Utah also passed legislation in 2012 demanding the return of all federal land to its control by 2014.
The federal government didn't comply. And it probably never will.
Legal and economic scholarship on Utah's transfer bill concludes that the federal land transfer is never going to happen, and if public lands were indeed somehow given to the states, the result would be a financial disaster.
"It's a fantasy for places in economic trouble, which is fruitful ground for rainmakers and snake-oil salesmen," said Montana state Sen. Pat Connell, a Republican who has heard pitches from Montana transfer movement proponents.
That hasn't deterred those invested in its success.
Nearly every Western state has someone carrying the banner for the transfer movement. In Montana, it's state Sen. Jennifer Fielder, backed in part by oil and gas interests. In Arizona, Republican state Sen. Al Melvin has been loudest.
Nationally, it's getting noticed. In March, Sen. Lisa Murkowski (R-Alaska), chairwoman of the Energy and Natural Resources Committee, sponsored a budget amendment, which sailed through the Senate, that supported the idea of moving federal lands to the states.
It's a message Ivory takes around the country, and he molds his pitches to his audience. In the forests outside Portland, Ore., he tells rapt crowds about getting their valuable timberland back from the feds. In New Hampshire, he warns that the U.S. is losing the race for rare-earth minerals with China. They're available on Western lands, if only the government would get out of the way.
The legal argument behind the transfer movement begins with the "enabling acts" that created most states from territories in the West. In exchange, the states had to concede control of the land to the federal government. But transfer movement advocates are focused on one clause that's standard language in the enabling acts of the states: "until the title thereto shall have been extinguished."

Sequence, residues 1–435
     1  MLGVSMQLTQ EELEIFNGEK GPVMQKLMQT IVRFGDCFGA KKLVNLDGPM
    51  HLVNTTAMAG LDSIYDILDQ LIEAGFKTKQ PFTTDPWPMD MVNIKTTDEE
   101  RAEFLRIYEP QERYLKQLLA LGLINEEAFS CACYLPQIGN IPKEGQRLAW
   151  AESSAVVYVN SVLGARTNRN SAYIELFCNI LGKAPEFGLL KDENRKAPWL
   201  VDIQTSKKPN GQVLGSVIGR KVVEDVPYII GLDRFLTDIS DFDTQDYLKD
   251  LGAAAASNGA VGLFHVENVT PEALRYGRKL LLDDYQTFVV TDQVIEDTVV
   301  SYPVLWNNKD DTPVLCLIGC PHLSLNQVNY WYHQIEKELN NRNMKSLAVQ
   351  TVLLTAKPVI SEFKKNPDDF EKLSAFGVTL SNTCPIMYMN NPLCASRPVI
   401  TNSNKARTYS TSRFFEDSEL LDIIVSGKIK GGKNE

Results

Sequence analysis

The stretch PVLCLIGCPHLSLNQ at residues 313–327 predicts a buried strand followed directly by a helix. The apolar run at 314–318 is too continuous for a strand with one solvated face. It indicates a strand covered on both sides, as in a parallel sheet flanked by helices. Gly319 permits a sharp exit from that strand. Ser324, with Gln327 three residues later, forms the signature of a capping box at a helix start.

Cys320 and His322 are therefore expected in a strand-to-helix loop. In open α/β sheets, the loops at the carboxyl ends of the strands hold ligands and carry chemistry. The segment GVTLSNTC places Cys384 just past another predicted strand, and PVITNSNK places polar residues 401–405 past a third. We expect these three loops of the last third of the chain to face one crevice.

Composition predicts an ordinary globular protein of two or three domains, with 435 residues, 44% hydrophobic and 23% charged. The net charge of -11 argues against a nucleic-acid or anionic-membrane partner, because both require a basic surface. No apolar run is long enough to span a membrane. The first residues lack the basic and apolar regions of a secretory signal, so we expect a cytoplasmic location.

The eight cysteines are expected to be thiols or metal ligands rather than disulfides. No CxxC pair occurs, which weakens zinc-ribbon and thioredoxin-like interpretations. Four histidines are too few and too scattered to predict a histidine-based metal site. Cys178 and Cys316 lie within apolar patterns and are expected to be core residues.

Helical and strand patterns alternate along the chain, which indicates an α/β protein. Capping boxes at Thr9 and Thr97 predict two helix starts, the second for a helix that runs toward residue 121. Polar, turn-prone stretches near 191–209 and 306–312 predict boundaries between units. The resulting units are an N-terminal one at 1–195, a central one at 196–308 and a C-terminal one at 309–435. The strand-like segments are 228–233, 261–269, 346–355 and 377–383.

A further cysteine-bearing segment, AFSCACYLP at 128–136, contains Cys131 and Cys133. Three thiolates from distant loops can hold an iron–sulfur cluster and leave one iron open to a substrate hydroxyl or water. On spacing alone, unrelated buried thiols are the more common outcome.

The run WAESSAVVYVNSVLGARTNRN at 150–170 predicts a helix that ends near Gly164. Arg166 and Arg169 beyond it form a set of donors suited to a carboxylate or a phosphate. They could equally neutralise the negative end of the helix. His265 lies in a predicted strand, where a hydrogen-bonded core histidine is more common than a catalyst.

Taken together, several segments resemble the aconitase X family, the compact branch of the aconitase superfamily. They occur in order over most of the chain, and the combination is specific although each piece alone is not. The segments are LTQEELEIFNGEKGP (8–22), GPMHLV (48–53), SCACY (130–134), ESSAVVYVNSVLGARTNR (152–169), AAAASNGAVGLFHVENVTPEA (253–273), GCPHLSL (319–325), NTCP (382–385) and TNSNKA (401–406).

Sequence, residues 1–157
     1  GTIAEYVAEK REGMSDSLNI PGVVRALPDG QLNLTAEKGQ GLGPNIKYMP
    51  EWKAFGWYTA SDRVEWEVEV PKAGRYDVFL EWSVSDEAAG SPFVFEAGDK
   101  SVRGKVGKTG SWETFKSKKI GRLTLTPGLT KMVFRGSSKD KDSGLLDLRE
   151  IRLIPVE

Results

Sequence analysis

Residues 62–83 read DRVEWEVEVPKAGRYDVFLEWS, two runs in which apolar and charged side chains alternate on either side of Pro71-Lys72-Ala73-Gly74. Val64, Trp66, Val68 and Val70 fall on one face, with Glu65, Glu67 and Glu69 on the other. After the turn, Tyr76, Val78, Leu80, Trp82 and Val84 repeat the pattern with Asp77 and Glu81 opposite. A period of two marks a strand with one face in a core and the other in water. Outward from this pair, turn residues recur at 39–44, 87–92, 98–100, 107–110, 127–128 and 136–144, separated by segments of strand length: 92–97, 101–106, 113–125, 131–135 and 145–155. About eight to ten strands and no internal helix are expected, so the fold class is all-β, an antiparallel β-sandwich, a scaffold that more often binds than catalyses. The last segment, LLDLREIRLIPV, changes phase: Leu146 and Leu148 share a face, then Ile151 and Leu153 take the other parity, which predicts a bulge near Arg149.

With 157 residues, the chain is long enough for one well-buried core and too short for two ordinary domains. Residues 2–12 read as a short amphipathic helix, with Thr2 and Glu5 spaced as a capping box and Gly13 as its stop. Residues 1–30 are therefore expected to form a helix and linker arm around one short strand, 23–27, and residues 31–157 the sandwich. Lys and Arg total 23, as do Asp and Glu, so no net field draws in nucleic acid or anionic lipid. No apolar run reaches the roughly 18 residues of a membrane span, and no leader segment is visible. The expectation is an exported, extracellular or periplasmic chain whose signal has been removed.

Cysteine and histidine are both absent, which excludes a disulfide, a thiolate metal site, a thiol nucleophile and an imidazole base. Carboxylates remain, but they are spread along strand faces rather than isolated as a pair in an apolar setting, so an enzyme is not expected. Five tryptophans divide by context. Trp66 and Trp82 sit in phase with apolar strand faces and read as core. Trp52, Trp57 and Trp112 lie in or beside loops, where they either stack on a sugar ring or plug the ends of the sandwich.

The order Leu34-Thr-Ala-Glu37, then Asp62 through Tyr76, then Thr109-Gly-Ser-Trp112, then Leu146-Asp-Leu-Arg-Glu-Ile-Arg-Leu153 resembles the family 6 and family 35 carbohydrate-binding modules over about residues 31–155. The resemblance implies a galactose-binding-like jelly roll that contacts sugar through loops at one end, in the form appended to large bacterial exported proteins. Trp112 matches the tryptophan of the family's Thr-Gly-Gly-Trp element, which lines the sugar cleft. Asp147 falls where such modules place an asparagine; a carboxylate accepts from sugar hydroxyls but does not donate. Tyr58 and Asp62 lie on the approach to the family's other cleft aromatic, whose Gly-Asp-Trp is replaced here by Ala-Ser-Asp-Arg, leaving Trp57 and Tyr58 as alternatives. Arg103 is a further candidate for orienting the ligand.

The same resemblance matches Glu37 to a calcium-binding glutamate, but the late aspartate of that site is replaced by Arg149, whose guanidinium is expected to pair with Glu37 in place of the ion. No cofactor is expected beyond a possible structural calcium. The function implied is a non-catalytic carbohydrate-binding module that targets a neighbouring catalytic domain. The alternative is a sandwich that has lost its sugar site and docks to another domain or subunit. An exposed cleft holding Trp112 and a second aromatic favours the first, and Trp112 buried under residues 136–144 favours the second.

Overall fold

That phrase alone, they argue, entitles states to reclaim land. But legal scholars from the 1930s on have flatly denied this analysis. The enabling acts allow the federal government to give up its title to the land, but hardly mandate it.
"Utah's claims, like those of its neighbors, are doomed to failure," wrote two University of Utah law professors. "The federal government has absolute control over federal public lands, including the constitutional authority to retain lands in federal ownership."
The news isn't much better from economists, including Jan Elise Stambro, who had the unenviable task of throwing cold water on the transfer movement at a meeting of its proponents in Richfield, Utah.
Utah's land transfer strategy relies on oil, a volatile commodity that looked like a sure bet before the oil market collapsed.
Stambro said a drop in the price per barrel would be catastrophic to oil leases on public land and the state's finances. Without a strong oil industry, she said, Utah's financial obligations for maintaining public lands, fighting fires and all the other responsibilities of the federal government would far outweigh what the land would generate.
Stambro ran through the uninspiring prognostication. Transfer movement proponent and Assistant Utah Atty. Gen. Tony Rampton was there to challenge her.
It was Rampton's chance to defend the financial underpinnings of the transfer movement and argue it is a viable vehicle for economic growth. Instead, he said this:
"It's not about the money. It's the principle."